I’m a sucker for taking the road less traveled. That might have something to do with my penchant for getting lost. If there’s a wrong turn to be made – I’ll find it. By taking the back highways and byways, you never know what you’re going to find. Combine that quest with a glimpse into our past – and I’m hooked.
Two of my writer friends and I wandered off the beaten path last spring as we visited Columbia State Historic Park in California. According to their website it’s a:
“living gold rush town featuring the largest single collection of existing gold rush-era structures in the state. Visiting Columbia is like traveling back in time to the sights, smells, and sounds of a nineteenth century mining town—merchants dressed in 1850’s attire, a whiff of coal smoke from the blacksmith shop, and the rumble of a stagecoach pulling into town! Spend the day enjoying fun activities for the whole family. Pan for gold, explore exhibits, ride the stagecoach, discover unique shops, and learn about the rich history of the California gold rush on a guided town tour.”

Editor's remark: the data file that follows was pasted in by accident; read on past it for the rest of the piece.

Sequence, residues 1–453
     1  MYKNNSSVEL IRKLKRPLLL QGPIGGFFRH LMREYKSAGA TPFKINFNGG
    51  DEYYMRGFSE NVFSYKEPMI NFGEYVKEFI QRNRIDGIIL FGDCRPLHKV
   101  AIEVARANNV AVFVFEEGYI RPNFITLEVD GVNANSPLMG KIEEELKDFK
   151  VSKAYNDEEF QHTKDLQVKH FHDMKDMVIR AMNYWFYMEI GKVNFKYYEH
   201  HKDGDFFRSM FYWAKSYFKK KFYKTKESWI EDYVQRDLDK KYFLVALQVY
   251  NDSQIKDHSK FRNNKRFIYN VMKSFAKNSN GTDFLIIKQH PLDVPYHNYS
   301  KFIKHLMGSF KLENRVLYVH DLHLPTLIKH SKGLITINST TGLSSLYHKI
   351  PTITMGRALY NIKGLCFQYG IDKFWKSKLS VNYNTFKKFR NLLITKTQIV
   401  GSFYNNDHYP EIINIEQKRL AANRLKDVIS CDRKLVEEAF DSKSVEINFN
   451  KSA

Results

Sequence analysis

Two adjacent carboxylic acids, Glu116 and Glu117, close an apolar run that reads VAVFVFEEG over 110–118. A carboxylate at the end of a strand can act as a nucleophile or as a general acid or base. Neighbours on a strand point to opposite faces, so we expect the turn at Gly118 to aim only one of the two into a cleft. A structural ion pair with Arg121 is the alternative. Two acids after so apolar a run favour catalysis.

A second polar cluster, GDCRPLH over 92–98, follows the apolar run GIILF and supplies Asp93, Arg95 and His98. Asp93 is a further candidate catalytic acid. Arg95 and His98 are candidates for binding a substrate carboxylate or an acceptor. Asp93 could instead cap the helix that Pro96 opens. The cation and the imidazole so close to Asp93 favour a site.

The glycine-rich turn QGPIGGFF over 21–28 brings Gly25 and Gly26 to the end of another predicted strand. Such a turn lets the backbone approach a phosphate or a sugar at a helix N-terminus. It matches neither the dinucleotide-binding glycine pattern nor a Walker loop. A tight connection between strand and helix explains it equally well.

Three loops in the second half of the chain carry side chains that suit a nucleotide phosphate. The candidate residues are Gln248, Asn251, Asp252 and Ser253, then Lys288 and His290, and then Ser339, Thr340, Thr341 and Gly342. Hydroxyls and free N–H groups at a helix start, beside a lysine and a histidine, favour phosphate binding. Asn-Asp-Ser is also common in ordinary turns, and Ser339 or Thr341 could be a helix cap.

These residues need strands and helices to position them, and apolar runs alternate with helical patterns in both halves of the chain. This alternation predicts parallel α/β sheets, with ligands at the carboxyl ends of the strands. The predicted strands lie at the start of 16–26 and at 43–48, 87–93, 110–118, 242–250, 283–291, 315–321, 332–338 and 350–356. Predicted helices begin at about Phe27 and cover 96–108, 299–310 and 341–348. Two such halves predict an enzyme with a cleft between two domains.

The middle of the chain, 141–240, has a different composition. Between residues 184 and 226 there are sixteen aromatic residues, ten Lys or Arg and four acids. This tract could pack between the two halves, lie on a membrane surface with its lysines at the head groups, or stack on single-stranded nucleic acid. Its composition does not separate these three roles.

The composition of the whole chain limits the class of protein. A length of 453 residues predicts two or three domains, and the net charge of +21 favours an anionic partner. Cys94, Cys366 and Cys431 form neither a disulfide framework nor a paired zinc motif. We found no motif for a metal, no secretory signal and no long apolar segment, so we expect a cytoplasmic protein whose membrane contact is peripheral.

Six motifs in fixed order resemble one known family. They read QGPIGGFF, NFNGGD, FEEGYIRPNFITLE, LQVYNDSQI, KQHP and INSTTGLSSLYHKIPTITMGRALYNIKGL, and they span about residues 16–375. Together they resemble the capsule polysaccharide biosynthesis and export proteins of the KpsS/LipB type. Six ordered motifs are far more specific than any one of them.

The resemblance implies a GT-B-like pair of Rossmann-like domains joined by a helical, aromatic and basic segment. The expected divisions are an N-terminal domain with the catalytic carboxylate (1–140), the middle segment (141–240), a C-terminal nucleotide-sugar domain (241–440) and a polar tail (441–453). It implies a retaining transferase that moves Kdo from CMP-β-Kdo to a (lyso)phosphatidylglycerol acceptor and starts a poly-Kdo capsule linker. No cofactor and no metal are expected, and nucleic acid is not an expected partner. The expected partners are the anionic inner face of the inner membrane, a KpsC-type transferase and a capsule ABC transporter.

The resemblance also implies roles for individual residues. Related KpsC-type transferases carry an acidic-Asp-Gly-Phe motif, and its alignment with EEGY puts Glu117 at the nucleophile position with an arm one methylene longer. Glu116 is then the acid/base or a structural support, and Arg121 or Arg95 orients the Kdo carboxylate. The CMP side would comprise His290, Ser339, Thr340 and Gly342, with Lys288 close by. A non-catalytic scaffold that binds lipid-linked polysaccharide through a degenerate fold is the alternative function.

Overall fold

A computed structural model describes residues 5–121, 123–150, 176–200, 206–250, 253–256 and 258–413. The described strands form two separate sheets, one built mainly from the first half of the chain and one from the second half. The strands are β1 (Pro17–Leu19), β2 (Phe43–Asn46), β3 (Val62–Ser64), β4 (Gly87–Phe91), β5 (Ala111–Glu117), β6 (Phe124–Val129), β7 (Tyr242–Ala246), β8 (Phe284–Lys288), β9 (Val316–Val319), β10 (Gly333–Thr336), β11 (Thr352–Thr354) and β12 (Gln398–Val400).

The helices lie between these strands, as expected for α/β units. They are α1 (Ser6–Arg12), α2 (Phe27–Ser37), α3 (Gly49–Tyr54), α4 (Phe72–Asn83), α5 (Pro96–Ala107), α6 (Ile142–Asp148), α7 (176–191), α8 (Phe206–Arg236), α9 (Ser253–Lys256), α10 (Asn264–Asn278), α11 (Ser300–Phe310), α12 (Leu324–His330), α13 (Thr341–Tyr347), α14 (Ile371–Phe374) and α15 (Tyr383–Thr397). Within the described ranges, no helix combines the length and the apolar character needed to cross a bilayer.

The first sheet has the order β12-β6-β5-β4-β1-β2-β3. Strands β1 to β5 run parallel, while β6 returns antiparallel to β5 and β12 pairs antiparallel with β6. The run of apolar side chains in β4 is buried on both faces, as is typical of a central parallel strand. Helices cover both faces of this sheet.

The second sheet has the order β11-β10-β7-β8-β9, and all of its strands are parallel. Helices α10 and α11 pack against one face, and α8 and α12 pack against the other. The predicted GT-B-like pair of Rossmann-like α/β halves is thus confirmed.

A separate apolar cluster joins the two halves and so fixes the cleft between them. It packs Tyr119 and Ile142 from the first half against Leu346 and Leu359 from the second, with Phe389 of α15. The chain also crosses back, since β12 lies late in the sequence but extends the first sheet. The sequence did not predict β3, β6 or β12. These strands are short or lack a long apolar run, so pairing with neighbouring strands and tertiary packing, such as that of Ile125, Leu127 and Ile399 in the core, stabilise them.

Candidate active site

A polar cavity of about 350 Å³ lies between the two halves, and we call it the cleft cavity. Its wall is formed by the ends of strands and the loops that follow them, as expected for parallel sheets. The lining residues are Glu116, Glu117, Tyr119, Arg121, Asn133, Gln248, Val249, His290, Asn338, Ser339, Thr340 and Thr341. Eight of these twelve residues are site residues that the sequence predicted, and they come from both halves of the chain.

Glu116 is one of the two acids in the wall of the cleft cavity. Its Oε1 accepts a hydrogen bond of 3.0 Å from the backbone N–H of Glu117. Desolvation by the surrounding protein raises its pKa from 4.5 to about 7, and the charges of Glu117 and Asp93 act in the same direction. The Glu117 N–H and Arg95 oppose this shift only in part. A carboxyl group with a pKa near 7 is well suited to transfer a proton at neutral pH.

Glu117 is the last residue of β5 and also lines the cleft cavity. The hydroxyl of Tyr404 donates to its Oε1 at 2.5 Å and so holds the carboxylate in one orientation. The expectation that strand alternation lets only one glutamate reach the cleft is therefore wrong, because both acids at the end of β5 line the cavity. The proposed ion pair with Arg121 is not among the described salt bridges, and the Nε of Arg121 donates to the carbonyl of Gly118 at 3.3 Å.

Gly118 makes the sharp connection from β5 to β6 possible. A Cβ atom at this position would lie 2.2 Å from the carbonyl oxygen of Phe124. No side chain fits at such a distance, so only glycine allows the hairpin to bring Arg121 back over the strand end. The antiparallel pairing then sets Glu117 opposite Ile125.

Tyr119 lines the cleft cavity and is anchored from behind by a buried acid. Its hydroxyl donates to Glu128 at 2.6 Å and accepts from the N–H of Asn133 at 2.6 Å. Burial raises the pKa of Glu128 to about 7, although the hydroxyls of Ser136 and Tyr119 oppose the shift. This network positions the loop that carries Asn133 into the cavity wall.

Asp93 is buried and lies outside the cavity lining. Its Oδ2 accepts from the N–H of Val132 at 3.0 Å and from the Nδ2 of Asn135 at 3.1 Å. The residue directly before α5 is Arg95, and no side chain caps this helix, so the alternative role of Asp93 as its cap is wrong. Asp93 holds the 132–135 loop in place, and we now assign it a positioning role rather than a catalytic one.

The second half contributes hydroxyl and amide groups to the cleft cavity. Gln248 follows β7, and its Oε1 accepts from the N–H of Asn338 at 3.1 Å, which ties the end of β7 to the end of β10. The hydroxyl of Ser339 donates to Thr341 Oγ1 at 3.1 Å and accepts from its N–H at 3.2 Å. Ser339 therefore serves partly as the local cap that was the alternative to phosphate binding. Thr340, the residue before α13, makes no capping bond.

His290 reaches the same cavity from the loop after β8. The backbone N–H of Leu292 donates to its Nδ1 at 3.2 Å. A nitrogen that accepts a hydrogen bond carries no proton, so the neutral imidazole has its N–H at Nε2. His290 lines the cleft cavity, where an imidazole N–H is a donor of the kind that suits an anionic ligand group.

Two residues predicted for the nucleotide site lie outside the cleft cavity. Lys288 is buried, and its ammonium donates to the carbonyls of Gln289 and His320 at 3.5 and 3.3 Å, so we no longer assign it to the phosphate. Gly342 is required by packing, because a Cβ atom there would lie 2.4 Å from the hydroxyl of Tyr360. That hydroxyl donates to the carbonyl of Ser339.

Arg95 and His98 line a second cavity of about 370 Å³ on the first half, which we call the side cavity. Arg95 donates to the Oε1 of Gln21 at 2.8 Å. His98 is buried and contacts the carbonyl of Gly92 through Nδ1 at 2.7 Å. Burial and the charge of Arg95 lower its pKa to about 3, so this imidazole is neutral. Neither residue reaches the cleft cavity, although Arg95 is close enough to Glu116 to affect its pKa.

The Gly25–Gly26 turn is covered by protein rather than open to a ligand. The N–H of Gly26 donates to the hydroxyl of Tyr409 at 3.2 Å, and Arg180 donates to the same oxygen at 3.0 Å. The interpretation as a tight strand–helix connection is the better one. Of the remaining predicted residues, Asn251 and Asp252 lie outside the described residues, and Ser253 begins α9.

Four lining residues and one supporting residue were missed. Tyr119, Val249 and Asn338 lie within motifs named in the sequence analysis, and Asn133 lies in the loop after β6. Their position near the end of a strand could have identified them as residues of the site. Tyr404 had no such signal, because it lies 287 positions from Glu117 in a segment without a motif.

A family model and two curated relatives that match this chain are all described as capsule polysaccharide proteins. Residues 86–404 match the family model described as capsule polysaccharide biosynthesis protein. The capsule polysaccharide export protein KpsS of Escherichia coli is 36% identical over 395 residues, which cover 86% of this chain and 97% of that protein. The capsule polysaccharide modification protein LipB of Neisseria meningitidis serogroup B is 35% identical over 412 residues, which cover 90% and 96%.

|Jack Douglass Saloon|
It’s a bit touristy, but an historic touristy. That means there’s an old-fashioned candy shop with authentic candies from the last half of the 1800’s; a blacksmith’s shop where you can purchase items hammered and shaped straight out of the cold forge; soap and candle shops; and my favorite – bookstores stocked with small runs of books about local history. No self-respecting mining town would come without a saloon - or two.
The park also has a number of exhibits set up in buildings around town – think progressive dinner but museums instead – filled with local lore and what it was like to live in a mining town.
A natural born browser, I had lots of fun wandering in and out of shops and enjoying a meal with my friends. Who knows where the road will take us next!
|Columbia Kate's Tea House and Bakery|
|Parrott's Blacksmith Shop|
|The Meadow where you can pan for gold.|
|Some of the old mining equipment.|